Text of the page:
I truly loved so many of them. But perhaps my favorite is “It’s Complicated.” You must know the back story to fully appreciate it. It captures a quiet, unexpected moment of Ford’s husband with a small pet bunny on his shoulder. Ford’s description of him was humorous. He’s pragmatic, precise, a number’s guy. And tells it like it is. Their small daughter begged for a bunny and his reaction was, “I need to go on record as not supporting this idea. I won’t care for it. I don’t think it’s a good idea.” And yet as time goes on, the bunny and the man form a relationship. And Ford captures that tenderness. A snippet in time.
Other pieces of Ford’s resonate with emotion. “Keeping It Interesting” exudes rich unexpected colors, but mostly you relate to the mood. How can you relate to a figure that has a red and blue face, and is splattered with purple and minty green? You can. You can tell me a lot about this person. Despite the nonconformist execution.
Part of the richness of this exhibition — beyond gallery director Catherine McLaughlin-Hills assessment that “I think Amy is a deeply gifted artist, fearless and true to her own process,” is Ford’s work titles. So very sumptuous. And add the story behind them, and you’ll need to control the swooning. Titles such as “Dreams That Cannot Die,” “Smitten,” “Red Sweater, Old Soul,” “If We Wore Our Wounds” and “Queenmaker.” Great fodder for poetry writing.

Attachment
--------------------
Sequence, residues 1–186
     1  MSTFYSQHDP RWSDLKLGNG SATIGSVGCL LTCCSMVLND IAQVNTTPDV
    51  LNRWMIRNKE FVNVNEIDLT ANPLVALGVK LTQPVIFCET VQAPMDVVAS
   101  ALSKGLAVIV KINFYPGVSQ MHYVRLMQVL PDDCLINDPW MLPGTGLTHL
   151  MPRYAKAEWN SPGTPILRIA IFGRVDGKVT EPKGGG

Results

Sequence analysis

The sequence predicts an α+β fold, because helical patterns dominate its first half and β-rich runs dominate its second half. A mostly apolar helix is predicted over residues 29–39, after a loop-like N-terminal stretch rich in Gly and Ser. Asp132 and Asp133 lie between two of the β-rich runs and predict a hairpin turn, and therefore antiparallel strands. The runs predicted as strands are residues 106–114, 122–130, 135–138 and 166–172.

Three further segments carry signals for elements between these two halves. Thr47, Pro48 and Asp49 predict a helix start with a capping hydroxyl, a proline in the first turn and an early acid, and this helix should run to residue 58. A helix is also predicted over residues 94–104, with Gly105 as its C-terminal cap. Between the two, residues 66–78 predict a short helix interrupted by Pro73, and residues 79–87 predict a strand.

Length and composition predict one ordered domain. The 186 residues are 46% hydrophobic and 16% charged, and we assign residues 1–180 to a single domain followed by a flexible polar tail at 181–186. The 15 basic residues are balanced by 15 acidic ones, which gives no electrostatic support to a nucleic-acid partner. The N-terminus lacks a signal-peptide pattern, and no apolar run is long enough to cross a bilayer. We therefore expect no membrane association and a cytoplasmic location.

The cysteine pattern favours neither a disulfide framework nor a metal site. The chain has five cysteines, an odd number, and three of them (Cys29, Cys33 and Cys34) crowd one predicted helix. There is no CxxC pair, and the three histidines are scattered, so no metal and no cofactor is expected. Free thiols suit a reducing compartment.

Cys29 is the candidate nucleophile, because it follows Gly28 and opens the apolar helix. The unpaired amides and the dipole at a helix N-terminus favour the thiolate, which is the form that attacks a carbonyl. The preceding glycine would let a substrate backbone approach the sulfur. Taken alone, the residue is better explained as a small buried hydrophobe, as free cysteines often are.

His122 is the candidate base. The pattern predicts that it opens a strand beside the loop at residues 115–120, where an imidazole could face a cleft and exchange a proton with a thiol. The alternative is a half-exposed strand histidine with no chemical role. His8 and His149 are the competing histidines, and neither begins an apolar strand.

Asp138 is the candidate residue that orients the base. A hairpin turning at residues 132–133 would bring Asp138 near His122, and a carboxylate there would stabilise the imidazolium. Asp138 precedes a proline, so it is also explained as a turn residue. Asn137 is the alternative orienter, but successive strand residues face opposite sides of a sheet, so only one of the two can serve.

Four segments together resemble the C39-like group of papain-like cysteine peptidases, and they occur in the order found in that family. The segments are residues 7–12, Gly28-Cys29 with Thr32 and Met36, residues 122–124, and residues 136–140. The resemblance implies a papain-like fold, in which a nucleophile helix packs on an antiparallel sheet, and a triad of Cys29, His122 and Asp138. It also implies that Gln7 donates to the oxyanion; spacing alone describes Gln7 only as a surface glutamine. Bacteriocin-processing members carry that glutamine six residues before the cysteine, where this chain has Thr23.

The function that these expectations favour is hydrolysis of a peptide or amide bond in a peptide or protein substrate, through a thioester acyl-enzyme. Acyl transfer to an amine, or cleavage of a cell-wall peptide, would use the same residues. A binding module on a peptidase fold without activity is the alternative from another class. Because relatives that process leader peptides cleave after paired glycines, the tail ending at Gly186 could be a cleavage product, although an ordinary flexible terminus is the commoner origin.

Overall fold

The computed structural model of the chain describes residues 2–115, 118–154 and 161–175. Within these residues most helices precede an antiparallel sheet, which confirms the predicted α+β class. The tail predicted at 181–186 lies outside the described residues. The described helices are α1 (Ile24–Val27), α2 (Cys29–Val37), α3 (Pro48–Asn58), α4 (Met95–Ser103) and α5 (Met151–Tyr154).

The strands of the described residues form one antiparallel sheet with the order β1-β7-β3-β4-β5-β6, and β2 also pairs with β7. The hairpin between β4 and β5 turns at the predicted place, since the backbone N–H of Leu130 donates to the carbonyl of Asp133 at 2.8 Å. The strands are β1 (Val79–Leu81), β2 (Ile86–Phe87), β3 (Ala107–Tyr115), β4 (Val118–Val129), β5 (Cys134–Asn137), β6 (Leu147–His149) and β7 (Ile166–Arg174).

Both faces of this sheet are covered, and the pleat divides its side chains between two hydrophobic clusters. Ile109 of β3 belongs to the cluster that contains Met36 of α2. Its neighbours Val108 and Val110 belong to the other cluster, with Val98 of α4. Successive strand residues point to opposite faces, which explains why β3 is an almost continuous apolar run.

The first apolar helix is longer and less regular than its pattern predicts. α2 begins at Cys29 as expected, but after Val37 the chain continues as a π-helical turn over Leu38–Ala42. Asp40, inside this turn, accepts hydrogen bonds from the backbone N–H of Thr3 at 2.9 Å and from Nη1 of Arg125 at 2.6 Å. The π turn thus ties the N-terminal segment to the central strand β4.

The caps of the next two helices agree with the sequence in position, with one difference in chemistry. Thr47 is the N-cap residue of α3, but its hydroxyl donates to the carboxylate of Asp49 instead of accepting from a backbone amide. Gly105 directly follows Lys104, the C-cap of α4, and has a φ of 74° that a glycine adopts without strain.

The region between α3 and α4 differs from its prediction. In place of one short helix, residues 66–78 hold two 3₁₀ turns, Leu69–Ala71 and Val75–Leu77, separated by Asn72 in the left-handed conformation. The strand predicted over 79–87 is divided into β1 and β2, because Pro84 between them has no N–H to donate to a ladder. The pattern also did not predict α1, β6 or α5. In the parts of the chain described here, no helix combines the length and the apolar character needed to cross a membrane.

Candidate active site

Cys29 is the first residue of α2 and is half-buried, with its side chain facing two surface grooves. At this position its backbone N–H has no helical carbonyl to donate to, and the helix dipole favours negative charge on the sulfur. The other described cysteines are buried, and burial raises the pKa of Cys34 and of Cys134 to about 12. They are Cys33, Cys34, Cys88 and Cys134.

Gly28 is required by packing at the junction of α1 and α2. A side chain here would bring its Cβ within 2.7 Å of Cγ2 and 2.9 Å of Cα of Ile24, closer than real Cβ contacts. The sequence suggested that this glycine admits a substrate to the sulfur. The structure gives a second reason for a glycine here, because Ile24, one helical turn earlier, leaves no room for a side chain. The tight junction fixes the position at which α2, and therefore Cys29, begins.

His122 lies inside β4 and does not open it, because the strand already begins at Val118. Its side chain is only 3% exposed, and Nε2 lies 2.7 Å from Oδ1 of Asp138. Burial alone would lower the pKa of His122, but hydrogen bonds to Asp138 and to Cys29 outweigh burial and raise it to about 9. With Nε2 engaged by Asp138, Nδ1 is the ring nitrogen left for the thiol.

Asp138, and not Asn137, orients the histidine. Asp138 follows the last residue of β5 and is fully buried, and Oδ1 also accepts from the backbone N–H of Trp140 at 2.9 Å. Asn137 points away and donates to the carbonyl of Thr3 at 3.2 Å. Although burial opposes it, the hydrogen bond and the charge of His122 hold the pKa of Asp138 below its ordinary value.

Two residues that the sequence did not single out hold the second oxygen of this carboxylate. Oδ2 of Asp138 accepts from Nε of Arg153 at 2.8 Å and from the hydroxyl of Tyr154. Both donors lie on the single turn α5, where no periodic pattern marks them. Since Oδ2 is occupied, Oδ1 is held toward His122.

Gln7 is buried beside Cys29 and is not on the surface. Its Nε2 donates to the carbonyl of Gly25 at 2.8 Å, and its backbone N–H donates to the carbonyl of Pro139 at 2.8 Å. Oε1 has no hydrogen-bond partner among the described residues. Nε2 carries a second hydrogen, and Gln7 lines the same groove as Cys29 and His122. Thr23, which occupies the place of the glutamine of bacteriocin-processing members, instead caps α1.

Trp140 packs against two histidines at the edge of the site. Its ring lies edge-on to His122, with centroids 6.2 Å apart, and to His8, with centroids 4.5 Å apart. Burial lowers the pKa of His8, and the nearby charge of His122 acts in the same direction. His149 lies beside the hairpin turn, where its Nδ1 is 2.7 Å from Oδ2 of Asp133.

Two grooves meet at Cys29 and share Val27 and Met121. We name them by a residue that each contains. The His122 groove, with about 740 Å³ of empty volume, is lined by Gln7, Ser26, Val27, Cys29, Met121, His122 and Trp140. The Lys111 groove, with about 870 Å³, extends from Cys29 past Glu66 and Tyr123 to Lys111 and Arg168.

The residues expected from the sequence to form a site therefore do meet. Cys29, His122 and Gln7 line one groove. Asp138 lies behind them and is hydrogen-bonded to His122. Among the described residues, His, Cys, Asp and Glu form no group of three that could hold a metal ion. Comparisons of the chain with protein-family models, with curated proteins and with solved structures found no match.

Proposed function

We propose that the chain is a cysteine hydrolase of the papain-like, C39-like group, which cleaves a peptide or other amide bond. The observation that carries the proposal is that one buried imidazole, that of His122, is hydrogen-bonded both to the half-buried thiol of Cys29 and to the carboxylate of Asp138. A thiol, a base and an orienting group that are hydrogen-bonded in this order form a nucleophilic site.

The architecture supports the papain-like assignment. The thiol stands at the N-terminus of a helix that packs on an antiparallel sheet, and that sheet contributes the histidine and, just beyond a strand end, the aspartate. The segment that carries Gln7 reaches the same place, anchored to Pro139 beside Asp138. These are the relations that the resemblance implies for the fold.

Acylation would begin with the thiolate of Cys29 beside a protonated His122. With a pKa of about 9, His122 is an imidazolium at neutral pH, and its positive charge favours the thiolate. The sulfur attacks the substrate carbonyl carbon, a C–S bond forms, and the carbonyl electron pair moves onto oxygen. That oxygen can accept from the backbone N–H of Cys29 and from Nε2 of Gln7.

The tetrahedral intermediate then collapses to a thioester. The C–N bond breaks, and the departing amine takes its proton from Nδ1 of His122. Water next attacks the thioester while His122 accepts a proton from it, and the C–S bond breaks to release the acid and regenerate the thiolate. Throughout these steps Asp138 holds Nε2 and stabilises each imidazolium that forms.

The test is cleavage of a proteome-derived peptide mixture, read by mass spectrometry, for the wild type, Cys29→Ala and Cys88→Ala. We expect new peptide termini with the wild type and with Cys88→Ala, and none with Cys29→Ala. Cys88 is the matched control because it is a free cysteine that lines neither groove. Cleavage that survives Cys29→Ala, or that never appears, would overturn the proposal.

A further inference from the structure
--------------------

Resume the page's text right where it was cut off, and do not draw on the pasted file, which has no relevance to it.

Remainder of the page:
To enrich your life on a deeper level, attending this exhibition is encouraged.
Running simultaneously, gallery curator/director Catherine McLaughlin-Hills has hung numerous large pieces from her Oaxacan, MX collection from when she had her gallery in Portsmouth. A fire adjacent to her gallery displaced her several years ago and she’s subsequently opened this venue in Durham.
The numerous pieces were created by three Oaxacan, MX artists HL Santiago Martinez, Esteban Urbieta and Eloy Perez.
(“Amy Ford: In Relationship” is on view from September 9 through 19 at the McLaughlin-Hills Barn Gallery, Durham, New Hampshire, with parking at Emery Farm. 135 Piscataqua Road. The gallery will be open daily from 10 a.m.-4 p.m. An exhibition preview will be held on Thursday and Friday, September 9 and 10, from 5:30-7:30 p.m. and an opening reception with live music and hors d’oeurvres on Saturday, September 11, from 5:30-7:30 p.m. A gallery open house will be held on September 16, 17 and 18 from 5:30-7:30 p.m. Also on view will be and Oaxacan, MX art from McLauglin-Hills Barn Gallery collection. For more information, visit mhbarngallery.com.)